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Paul Reddam congratulates Mario Gutierrez after the Derby.


Outside barn No. 2 at Hastings Racecourse in British Columbia., J. Paul Reddam stepped to the microphone, thrust his hands behind his back, and told the world that it was over.

"I'll Have Another is retired," he informed the horde of reporters, bowing his head, unable to go on. He gestured toward his thoroughbred, and the racehorse was then quietly led away.

The injury to the left front leg was minor; but its effects catastrophic. And so it was that the day before his horse was to make a historic attempt at winning the Triple Crown on the big, sandy oval of Belmont Park, Mr. Reddam was instead forced to accept that horse racing's unlikeliest threesome – the Canadian-born owner, his inexperienced young Mexican jockey and the colt who came out of nowhere to challenge a 34-year drought – would not have its Cinderella ending.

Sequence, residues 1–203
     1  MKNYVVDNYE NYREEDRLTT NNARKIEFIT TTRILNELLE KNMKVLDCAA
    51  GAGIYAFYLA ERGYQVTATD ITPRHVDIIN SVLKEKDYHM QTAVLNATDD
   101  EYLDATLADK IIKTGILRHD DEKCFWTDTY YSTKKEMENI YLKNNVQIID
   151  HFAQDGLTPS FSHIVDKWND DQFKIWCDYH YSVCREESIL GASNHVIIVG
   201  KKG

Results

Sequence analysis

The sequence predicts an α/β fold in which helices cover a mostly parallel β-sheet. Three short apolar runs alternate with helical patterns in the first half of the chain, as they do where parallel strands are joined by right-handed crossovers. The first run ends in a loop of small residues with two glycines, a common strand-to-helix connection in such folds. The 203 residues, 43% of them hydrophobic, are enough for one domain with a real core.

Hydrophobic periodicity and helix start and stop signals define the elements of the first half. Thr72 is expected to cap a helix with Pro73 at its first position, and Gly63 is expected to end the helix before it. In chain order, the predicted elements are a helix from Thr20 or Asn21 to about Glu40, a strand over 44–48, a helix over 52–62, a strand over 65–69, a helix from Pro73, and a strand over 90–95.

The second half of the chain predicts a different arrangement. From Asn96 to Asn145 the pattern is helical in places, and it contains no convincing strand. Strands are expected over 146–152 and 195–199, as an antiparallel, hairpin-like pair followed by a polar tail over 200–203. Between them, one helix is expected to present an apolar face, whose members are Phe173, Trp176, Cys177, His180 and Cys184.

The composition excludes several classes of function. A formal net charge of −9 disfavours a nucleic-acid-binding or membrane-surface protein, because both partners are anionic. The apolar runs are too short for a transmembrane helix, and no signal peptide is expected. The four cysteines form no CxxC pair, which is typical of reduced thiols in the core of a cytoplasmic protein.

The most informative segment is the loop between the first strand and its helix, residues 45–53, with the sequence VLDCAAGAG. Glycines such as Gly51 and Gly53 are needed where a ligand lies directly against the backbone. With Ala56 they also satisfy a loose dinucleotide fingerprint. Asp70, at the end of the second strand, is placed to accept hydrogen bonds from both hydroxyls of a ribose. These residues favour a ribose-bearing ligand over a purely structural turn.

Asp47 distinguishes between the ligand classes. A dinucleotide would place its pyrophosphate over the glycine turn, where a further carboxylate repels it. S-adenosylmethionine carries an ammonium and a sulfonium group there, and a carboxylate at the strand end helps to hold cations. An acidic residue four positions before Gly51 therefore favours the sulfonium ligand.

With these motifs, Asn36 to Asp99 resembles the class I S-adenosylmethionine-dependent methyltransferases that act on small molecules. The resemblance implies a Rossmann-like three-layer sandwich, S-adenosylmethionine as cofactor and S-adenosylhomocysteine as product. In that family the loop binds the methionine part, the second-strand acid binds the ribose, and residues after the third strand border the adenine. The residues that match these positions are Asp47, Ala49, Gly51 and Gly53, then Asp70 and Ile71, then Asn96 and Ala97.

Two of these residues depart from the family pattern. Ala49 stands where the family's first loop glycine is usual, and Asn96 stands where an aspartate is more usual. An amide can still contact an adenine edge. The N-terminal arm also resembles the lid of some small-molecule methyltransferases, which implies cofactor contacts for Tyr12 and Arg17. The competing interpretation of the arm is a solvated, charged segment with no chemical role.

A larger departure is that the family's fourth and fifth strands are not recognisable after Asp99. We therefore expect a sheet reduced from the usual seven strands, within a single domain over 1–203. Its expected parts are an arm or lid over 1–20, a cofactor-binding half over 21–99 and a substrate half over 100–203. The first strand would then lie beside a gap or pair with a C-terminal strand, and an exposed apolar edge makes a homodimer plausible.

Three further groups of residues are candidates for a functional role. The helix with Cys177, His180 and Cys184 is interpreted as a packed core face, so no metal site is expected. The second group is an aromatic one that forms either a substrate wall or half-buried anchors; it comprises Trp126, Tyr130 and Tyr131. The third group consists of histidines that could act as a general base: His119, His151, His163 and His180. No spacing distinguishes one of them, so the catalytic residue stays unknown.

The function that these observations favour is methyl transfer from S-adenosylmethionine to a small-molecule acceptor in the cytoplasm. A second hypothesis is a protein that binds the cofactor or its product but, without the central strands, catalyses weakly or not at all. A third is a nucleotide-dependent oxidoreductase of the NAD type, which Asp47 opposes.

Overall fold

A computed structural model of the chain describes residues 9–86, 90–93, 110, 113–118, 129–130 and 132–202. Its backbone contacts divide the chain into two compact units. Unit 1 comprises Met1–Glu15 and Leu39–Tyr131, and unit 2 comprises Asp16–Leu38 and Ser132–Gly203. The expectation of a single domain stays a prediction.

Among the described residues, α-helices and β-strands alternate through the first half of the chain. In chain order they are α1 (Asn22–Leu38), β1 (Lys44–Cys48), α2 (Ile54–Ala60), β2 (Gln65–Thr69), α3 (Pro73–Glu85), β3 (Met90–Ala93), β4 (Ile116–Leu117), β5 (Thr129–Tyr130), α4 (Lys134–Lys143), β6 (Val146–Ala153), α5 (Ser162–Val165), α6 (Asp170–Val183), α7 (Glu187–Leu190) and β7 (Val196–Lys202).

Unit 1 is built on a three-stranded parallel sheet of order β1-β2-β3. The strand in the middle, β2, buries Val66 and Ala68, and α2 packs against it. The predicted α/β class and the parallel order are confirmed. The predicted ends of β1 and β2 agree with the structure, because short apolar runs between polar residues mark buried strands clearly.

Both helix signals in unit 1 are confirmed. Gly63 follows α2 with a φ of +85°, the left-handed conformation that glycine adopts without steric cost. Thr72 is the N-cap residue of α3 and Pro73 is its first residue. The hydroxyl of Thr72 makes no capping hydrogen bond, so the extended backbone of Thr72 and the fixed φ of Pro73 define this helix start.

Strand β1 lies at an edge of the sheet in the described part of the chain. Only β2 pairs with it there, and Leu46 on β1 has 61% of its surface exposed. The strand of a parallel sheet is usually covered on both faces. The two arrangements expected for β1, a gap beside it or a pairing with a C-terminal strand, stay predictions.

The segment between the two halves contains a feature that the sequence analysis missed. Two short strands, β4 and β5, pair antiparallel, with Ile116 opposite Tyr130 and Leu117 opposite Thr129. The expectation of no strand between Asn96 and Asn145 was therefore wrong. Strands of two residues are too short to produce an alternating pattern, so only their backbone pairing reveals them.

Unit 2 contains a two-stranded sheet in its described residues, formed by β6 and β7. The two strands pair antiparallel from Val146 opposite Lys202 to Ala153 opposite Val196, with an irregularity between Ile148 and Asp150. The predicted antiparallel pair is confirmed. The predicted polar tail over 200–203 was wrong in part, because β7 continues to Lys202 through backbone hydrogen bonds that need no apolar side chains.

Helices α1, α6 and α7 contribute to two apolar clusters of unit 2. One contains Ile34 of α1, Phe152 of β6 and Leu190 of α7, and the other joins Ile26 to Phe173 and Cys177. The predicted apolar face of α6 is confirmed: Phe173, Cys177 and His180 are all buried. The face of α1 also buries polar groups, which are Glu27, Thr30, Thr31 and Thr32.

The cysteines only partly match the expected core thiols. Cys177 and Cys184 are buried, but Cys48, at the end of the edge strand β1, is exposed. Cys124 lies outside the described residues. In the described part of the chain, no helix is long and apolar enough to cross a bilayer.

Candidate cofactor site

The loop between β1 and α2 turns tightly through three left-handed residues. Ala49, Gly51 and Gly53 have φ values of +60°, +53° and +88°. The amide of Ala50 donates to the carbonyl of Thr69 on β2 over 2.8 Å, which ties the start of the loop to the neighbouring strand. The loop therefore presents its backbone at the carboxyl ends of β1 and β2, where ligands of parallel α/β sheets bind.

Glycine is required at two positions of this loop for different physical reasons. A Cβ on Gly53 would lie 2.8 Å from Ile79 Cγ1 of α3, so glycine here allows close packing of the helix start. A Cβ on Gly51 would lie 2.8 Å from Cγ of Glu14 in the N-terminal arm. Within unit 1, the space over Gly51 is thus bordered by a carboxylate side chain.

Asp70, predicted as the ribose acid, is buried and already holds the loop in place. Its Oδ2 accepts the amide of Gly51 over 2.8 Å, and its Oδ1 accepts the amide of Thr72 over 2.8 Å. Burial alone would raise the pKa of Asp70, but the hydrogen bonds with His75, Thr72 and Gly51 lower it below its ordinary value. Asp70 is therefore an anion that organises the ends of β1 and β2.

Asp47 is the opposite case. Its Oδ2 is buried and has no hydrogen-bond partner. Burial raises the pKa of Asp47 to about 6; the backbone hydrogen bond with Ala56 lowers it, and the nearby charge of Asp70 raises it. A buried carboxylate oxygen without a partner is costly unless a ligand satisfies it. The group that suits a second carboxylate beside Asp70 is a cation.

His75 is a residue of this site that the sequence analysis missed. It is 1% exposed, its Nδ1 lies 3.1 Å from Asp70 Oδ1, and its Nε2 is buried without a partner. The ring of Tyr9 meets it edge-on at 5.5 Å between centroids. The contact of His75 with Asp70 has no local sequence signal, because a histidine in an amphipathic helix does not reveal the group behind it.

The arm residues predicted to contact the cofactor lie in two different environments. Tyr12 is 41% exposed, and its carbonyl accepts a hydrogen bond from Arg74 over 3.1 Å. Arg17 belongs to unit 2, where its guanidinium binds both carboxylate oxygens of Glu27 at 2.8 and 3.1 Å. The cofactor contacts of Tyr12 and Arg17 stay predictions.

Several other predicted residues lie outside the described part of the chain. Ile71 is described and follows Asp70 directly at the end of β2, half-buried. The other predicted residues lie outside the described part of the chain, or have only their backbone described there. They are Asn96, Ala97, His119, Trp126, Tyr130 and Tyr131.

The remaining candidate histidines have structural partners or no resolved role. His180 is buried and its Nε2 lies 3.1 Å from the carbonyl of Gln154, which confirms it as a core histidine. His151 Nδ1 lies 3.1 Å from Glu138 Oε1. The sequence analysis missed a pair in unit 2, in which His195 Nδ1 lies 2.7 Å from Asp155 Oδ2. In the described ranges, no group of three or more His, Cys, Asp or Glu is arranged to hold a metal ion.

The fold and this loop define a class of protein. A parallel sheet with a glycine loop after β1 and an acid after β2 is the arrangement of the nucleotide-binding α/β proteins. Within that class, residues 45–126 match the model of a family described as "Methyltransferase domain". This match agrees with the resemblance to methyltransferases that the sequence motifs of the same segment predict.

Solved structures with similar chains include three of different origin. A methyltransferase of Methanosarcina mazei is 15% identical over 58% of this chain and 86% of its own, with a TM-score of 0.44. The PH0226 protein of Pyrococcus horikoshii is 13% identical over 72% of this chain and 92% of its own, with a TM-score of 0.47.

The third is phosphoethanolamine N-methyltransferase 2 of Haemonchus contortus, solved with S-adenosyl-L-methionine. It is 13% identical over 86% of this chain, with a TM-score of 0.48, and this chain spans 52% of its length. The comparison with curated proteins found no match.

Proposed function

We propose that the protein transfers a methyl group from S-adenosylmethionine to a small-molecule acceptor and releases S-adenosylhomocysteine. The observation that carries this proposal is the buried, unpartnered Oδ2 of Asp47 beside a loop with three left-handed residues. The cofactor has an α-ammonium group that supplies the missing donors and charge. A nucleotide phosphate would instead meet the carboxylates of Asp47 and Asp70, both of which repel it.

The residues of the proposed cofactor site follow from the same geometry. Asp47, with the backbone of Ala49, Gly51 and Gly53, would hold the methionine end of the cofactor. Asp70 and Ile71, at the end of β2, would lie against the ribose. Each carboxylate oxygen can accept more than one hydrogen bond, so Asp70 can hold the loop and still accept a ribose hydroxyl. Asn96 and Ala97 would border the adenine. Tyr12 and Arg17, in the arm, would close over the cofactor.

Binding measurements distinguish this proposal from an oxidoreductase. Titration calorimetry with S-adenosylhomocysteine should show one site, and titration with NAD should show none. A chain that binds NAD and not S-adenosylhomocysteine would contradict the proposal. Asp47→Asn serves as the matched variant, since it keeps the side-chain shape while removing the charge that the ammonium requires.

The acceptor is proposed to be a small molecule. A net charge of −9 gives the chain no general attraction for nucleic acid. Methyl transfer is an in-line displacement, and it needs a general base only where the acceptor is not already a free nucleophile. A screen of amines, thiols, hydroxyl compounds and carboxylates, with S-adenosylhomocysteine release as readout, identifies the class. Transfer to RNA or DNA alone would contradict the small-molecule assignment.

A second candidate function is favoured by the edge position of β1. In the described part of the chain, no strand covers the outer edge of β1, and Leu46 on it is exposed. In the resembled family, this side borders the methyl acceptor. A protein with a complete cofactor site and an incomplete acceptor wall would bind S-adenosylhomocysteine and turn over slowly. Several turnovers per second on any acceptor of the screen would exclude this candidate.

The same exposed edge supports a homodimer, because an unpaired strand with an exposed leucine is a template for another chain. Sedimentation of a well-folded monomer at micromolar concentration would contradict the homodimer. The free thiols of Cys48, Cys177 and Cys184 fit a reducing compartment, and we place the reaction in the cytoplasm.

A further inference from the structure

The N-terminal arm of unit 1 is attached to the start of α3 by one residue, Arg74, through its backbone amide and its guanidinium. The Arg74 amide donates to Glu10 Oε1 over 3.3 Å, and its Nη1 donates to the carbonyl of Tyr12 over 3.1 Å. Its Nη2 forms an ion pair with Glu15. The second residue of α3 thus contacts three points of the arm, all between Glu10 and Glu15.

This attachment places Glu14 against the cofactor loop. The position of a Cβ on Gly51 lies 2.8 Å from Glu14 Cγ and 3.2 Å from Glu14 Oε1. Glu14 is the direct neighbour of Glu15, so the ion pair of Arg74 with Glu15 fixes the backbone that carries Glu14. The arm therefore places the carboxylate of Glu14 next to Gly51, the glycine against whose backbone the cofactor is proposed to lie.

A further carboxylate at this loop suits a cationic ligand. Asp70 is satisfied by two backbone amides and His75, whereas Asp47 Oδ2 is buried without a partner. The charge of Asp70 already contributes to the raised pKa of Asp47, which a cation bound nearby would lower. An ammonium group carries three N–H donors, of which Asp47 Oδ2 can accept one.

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But then, if anyone knows the unpredictability of horse racing and life itself, it may be the 56-year-old entrepreneur from Windsor, Ont., who took a chance on a bargain-basement horse and almost rode him into the history books.

As he said even before catastrophe struck: "You never know where the world is going to take you," a remark that may sound surprisingly abstract to anyone unaware of the fact that he has a doctorate in philosophy and once taught the subject at university.

In his case, the world has provided an exceptional journey, one that sparked a love of philosophy only after instilling in him the thrill of the chase.

Growing up in Windsor, a teenaged Paul Reddam became hooked on harness racing when a friend landed a job as a groom at the local track. Later, while studying for his master's degree in philosophy at the University of Toronto, he would take the streetcar to Greenwood Raceway and leave behind money he could ill afford to lose.